• convincedofthehex - Nov 11, 2013 at 10:05 AM

      It’s one of the reasons the Rays don’t draw as well as they should. The stadium is too far from the central population area. Makes sense to me.

    • superturtle611 - Nov 11, 2013 at 10:31 AM

      I bet you they don’t care one bit about drawing more fans. Well not for the sake of drawing more fans. They weighed all options based on which puts the most money in their pockets and if that means picking the option that puts more people in the seats then that is just coincidence and a good PR angle later down the road.

    • bravojawja - Nov 11, 2013 at 10:43 AM

      You’re not from here, are you?

      to get to the Ted they have to navigate the hellish I-75 corridor or 285 southbound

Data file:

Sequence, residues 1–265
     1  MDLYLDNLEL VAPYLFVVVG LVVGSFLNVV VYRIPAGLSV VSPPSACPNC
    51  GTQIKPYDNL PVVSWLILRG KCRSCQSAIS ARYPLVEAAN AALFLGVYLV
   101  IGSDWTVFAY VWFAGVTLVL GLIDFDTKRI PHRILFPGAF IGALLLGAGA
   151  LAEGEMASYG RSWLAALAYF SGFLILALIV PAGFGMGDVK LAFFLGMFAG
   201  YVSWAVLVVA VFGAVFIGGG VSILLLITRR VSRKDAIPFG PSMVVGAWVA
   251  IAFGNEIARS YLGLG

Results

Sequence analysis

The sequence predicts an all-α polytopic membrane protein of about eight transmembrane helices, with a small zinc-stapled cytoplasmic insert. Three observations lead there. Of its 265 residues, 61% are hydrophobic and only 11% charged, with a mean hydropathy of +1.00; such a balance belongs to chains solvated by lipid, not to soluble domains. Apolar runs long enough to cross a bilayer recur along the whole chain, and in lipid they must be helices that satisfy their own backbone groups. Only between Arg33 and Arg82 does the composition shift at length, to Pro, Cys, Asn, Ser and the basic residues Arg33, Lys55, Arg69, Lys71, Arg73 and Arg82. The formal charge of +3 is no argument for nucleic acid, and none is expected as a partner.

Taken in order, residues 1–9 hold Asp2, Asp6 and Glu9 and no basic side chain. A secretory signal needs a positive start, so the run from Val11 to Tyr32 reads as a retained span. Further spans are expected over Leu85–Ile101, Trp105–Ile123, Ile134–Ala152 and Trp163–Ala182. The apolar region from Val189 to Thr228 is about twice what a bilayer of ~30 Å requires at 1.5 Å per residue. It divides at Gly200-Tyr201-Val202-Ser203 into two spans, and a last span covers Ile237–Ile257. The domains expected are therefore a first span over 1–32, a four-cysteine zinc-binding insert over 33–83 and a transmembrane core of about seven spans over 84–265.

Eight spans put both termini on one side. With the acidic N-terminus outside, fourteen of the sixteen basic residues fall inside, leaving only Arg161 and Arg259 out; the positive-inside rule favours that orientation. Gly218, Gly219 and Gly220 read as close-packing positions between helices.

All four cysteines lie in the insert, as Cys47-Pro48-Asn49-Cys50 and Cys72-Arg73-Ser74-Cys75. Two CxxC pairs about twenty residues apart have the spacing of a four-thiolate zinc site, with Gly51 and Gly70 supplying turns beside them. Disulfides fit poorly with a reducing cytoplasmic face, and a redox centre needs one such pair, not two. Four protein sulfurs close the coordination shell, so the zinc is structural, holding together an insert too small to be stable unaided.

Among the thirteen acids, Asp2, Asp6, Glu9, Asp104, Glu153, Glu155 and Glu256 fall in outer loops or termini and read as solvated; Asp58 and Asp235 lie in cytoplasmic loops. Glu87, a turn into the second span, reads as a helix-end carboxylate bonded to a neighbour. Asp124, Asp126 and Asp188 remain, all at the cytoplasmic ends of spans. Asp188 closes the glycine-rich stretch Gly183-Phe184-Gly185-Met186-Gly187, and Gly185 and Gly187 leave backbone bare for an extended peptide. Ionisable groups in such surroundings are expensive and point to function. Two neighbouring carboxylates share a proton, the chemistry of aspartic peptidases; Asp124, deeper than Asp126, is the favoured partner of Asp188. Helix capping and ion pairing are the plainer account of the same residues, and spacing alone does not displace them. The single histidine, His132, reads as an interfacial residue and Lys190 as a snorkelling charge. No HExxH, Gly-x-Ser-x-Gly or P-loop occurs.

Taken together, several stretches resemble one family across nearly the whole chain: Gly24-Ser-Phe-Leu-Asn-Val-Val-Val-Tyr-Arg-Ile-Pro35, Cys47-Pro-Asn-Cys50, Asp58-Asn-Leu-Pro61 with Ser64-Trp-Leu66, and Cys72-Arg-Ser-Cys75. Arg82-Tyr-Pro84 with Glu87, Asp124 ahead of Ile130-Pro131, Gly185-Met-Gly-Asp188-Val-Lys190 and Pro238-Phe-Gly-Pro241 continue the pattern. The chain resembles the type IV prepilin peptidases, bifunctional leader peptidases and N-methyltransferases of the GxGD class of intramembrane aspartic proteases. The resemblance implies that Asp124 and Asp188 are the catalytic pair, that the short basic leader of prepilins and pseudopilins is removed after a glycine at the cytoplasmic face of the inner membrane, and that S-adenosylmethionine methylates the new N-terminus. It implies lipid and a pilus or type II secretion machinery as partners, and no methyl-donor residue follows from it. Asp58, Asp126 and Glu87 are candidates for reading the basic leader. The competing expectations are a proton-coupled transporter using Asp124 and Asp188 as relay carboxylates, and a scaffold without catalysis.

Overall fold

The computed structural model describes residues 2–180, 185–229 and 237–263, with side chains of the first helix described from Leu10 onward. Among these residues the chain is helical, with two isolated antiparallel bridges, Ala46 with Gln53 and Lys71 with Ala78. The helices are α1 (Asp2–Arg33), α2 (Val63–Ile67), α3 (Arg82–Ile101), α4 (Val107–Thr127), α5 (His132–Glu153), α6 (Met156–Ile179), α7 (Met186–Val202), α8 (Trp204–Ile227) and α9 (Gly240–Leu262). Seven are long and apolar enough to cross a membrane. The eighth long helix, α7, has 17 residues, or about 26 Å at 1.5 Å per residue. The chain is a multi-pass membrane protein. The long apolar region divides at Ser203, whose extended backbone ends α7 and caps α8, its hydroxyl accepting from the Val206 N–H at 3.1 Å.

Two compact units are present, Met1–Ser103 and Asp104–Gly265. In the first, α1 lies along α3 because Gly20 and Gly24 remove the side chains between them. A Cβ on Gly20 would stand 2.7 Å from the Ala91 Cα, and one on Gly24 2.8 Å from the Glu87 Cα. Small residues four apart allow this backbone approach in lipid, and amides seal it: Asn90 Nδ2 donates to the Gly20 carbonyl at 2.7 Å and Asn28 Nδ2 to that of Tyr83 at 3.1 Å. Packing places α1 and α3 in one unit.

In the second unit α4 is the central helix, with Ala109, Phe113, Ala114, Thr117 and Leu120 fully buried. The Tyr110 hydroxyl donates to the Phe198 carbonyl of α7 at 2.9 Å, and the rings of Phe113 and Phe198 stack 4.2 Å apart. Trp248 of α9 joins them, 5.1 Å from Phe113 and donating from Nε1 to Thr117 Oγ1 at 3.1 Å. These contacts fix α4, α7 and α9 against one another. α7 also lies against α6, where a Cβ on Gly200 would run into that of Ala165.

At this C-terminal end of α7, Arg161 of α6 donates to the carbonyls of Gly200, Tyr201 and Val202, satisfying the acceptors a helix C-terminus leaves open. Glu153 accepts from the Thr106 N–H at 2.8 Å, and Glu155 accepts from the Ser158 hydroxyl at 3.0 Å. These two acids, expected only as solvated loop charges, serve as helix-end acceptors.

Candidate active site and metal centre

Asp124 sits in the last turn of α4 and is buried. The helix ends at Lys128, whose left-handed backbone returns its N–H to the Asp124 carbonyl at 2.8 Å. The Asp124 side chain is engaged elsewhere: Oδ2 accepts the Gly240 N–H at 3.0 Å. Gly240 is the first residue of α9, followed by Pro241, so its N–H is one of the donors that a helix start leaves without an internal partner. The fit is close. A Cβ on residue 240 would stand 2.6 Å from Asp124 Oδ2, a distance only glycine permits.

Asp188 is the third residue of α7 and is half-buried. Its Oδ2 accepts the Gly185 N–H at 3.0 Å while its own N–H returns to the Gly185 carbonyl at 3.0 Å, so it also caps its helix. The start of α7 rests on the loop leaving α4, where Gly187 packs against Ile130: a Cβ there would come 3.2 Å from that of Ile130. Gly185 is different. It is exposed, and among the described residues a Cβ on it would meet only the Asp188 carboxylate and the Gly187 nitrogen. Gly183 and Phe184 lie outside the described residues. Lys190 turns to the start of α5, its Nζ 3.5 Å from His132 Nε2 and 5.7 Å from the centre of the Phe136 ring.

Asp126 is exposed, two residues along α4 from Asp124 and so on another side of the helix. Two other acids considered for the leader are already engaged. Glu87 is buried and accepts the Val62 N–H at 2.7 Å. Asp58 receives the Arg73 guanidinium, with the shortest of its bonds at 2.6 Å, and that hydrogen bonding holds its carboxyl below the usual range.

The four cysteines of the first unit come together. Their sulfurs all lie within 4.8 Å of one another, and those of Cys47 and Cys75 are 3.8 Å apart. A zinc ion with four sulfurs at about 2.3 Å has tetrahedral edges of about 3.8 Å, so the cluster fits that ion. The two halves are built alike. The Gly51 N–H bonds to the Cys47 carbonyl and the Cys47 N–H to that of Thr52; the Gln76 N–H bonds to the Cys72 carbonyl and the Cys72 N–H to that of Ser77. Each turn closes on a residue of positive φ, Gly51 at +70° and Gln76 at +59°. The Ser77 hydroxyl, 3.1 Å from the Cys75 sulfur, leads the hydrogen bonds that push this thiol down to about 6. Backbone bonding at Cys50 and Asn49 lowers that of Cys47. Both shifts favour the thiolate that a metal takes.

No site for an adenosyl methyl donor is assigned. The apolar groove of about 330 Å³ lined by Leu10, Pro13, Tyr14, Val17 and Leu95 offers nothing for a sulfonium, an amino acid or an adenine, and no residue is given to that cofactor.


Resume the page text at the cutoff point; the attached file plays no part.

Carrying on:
So now they’ll have to navigate that same corridor northbound, which is horrifically bad during rush hour, when folks go to games.

      There is no transit in Cobb County. While MARTA may be a hike to the Ted, there are shuttle buses.

      • chc4 - Nov 11, 2013 at 10:47 AM

        You forgot the part about how those that attend Brave games will now be 20 miles closer to home in Cobb County. The Braves fan base is far more centered north of the city than south. This is smart move by the Braves. Living on the north side I would not even consider a weekday game at Turner Field.

      • bravojawja - Nov 11, 2013 at 10:54 AM

        If you live OTP, then you should understand that it isn’t about the distance as the crow flies. It’s the aggravation and the time in the car. And you will have to take your car, along with the 41,000 other people who won’t have any access to public transit whatsoever.

        You have fun sitting on the Perimeter at 5:00 trying to get home because people are having to get to Cobb early to get to the game before first pitch.

  7. ddmcd1974 - Nov 11, 2013 at 9:45 AM